GOP Alternative Spends $343 Million Less
The state budget came back into focus this week at the Capitol with widely differing visions of how Connecticut taxpayer dollars should be spent.
The Appropriations Committee passed a revised state budget that slightly comes under the governor’s original $20.7 billion proposal but dramatically slashes funding for his important education reforms.
Republican lawmakers posed a budget alternative that reduces overall state spending by about $343 million, supports key education reform proposals, aims to curb Medicaid fraud and provides Connecticut residents with tax relief.
Now, with just over a month left in the 2012 session, the challenge is to arrive at a revised state budget that will accomplish what Connecticut needs to do to move forward--in a fiscally responsible way.
Instead of the business-as-usual approach to budget negotiations, Connecticut employers would like to lawmakers reprise their successful, bipartisan spirit of last October’s Jobs Session.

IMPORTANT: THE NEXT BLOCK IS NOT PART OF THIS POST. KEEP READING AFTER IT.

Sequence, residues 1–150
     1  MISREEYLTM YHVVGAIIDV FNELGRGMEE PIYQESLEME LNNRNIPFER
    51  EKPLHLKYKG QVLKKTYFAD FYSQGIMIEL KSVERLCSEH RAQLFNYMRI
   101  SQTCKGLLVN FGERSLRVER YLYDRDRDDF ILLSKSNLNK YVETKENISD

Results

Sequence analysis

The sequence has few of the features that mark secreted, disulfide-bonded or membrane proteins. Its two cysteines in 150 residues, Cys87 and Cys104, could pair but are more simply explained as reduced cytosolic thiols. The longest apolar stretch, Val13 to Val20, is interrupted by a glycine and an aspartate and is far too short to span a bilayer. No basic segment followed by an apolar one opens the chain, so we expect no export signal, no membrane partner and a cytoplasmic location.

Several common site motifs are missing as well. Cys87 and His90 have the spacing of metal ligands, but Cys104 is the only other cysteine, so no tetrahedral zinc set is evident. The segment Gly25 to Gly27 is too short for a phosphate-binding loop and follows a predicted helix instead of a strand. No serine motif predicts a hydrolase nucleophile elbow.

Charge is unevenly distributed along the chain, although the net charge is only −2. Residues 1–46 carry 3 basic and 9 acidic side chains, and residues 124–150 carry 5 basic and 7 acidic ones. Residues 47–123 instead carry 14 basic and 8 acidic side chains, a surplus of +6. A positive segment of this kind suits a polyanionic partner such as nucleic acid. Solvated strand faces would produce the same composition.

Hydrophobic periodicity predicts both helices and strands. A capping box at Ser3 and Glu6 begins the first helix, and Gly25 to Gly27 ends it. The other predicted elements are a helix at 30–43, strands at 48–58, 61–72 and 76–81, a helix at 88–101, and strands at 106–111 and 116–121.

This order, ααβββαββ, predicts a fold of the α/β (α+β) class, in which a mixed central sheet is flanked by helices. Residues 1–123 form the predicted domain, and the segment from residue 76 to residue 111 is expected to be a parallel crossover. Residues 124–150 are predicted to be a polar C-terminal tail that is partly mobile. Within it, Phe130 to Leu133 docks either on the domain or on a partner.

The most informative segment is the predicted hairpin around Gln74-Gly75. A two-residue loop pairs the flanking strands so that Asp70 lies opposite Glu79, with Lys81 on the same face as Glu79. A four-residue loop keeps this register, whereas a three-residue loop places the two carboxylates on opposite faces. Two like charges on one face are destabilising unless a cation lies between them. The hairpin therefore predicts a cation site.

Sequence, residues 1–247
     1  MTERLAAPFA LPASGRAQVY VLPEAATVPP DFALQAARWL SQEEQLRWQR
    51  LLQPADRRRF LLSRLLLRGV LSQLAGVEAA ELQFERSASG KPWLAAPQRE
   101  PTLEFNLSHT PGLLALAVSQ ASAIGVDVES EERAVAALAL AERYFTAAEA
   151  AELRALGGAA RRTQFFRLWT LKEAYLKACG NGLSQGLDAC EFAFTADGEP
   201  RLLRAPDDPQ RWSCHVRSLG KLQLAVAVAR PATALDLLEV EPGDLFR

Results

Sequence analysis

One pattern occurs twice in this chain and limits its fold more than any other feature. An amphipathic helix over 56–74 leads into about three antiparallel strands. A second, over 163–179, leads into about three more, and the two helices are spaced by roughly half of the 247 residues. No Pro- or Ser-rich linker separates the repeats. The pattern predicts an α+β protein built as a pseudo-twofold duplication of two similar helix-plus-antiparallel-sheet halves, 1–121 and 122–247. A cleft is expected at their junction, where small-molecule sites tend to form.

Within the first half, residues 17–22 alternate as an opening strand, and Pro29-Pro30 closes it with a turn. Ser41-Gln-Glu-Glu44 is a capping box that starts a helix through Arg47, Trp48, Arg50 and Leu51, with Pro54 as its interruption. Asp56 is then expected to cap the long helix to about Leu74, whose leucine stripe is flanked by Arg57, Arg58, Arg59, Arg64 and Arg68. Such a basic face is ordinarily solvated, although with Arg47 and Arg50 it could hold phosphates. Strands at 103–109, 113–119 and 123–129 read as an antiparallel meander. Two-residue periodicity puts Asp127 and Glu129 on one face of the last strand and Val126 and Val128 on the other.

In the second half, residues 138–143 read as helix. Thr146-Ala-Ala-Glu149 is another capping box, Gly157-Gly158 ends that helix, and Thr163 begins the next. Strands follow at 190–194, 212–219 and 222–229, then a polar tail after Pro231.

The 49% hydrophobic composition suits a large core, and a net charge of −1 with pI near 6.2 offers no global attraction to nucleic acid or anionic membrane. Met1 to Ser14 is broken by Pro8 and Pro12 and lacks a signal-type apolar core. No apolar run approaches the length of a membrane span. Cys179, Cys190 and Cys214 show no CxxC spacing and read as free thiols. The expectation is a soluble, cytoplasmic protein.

That’s when legislators took the state down a different and more positive path by exploring many different ideas and solutions to creating more jobs in the state.
For the budget talks this year, the legislature should seriously consider the best ideas from both sides of the aisle that would allow the state to fund its priorities but at less overall costs.
What’s more, Connecticut voters strongly back the education reforms that the Appropriations Committee budget unfortunately weakened. It’s good that committee’s budget came under the original bottom line, but a way must be found to fully fund the reforms.
And lawmakers can’t ignore the $90 million in savings from state employees’ suggestions, and the $50 million in technology-based savings, being counted on to make the budget balance. If those ideas are in the works, policymakers should make them public.
Similar to the education reforms contained in SB 24, the budget (HB 5014) is, and should be, a work in progress.
CBIA encourages state lawmakers to work with the administration to craft a budget that will fund priorities and not increase the overall level of state spending.
For more information, contact CBIA’s Bonnie Stewart at 860.244.1925 or email@example.com.